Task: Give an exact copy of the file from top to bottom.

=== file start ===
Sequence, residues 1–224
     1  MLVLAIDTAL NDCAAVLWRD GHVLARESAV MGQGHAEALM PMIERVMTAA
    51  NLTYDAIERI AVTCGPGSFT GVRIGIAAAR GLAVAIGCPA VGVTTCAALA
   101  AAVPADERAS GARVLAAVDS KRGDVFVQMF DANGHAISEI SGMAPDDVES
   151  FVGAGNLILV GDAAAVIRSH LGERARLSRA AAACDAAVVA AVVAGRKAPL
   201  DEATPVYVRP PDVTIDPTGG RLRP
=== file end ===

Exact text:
Sequence, residues 1–224
     1  MLVLAIDTAL NDCAAVLWRD GHVLARESAV MGQGHAEALM PMIERVMTAA
    51  NLTYDAIERI AVTCGPGSFT GVRIGIAAAR GLAVAIGCPA VGVTTCAALA
   101  AAVPADERAS GARVLAAVDS KRGDVFVQMF DANGHAISEI SGMAPDDVES
   151  FVGAGNLILV GDAAAVIRSH LGERARLSRA AAACDAAVVA AVVAGRKAPL
   201  DEATPVYVRP PDVTIDPTGG RLRP